CDR Yamaha newcomer on a selection of racing related topics.
One of the most naturally gifted racers on the Australian professional circuit, CDR Yamaha’s Dylan Long is undoubtably one of the most enjoyable riders to watch on a motorcycle in this country. Ahead of the 2017 season it was confirmed that the 23-year-old would join the Craig Dack-owned factory Yamaha organisation and many expected big things to come from the Victorian the CDR crew behind him. Unfortunately a pre-season practice incident threw a huge spanner in the works and delayed his progress this year, but as we saw during the latter stages of the 2017 Motul MX Nationals series, Long is beginning the find the flow and put together strong rides once again. In this latest edition of Five Questions Why, MotoOnline.com.au checks in with the likeable premier class racer to hit him with a selection of questions as he prepares to enter the upcoming Australian Supercross Championship on the all-new 2018 Yamaha YZ450F.
Why didn’t we see the best of Dylan Long during the 2017 MX Nationals series?
It was like a building thing for me and in all honesty, I’ve never had an injury where I got back on the bike and actually felt like I didn’t know how to ride a bike anymore. Everything I did with my wrist, it was sort of painful and I guess I’ve just become used to the pain. It’s still sore but I’ve just gotten used to it by doing more things in the gym like hitting a tractor tyre with a big sledgehammer. Because I missed all of supercross last year and I missed my whole pre-season this year, it was almost like a year’s worth of not riding – it just put me back so much. I still feel like at the last two rounds I showed a bit more of what I’ve got, but I’ll be back there in no time.
Why was Coolum such a standout ride for you in the MX1 class for 2017?
I had been riding a lot of sand because the hard pack stuff was quite tough on my wrist, but in saying that, at Toowoomba I was equal sixth and if I had one more point I would have been sixth overall. After Toowoomba I felt really good and I knew my starts weren’t really where they should have been, but I had always started well at Coolum, which was really good. I had been riding sand more just so I didn’t hurt my wrist so much, sand is rough but I just don’t seem to jar my wrist as much. All of the hard pack tracks at home are rough with big jumps, so I tried to stay away from that and I also thought that riding sand would be the quickest way to get my bike fitness back. So a few things fell into place for Coolum, but we also got the bike sorted to how I like it, the suspension was feeling good and it just took us a couple of rounds to do that. Obviously I had only ridden for a few weeks before I came back for Nowra, so it just took a while for us to get it all sorted.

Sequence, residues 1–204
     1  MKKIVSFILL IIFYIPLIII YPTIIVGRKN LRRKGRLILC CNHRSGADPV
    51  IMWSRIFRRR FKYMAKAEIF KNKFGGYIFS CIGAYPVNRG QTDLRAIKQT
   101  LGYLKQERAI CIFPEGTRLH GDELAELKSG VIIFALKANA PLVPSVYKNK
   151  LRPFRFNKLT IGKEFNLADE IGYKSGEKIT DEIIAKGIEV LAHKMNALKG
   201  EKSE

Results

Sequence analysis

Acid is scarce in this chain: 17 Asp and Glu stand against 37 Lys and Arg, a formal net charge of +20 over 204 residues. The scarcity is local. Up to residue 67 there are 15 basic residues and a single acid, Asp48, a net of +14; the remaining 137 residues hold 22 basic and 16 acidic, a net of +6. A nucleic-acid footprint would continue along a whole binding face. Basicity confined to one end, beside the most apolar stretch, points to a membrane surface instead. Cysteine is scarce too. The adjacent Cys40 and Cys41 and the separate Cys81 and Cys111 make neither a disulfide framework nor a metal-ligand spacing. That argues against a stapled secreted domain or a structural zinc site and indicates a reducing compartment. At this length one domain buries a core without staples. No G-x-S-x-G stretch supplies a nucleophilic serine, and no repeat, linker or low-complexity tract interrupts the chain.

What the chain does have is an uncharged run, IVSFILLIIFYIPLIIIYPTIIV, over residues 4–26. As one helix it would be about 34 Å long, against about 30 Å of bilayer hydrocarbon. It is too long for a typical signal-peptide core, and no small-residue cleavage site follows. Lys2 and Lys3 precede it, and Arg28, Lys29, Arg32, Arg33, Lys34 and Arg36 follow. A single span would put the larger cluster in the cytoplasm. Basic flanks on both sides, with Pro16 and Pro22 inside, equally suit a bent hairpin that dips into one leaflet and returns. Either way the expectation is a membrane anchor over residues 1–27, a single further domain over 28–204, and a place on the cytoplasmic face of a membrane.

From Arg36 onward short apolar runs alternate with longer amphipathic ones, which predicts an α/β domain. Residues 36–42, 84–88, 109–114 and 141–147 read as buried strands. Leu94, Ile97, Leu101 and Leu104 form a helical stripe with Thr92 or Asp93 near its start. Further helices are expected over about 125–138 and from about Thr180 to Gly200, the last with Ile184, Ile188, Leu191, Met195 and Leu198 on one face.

Why are you excited about the 2018 Yamaha YZ450F?
It’s just so much thinner and easier to turn compared to the older model. I actually just rode it on a supercross track for the first time and those are things I had wanted for ages. I really liked the older style Yamaha, it was really fast and really good, but I just felt that it could be a bit thinner. So now that they’ve done that it’s like, well what more could you really want? And then they’ve gone and added electric start on there! Even with the electric start on the bike it’s lighter too, so that’s kind of cool as well. It’s basically like a fresh start with a new bike and it’s a pretty cool new thing.
Why should we keep an eye out for you during supercross?
I’ve always liked supercross and everyone tells me that I’m more technical and a better supercross ride than motocross – which I don’t actually like because I really do enjoy motocross. But I do feel good in supercross and I have a supercross track in my backyard, I’ve had it since I was really young and I always rode it on the 85, 125 and stuff like that. So I guess I’m just pretty fluent and natural at supercross and I’m pretty keen to get some good results this year.
Why is the CDR Yamaha team such a strong and respected MX1 outfit?
They’re just so knowledgeable and they’ve been around for so long. You’ve got suspension coming from Gary Benn and he’s the man, it’s just unbelievable suspension. Dacka [Craig Dack], he’s been there and done it, he has a lot of knowledge and even the mechanics, the way they act and the way things are done – it’s very professional. There’s always a meeting and a plan to go out and execute, it’s just very professional overall. They’re basically the best team in the pits and if they want me to stay around, I’ll be staying around that’s for sure.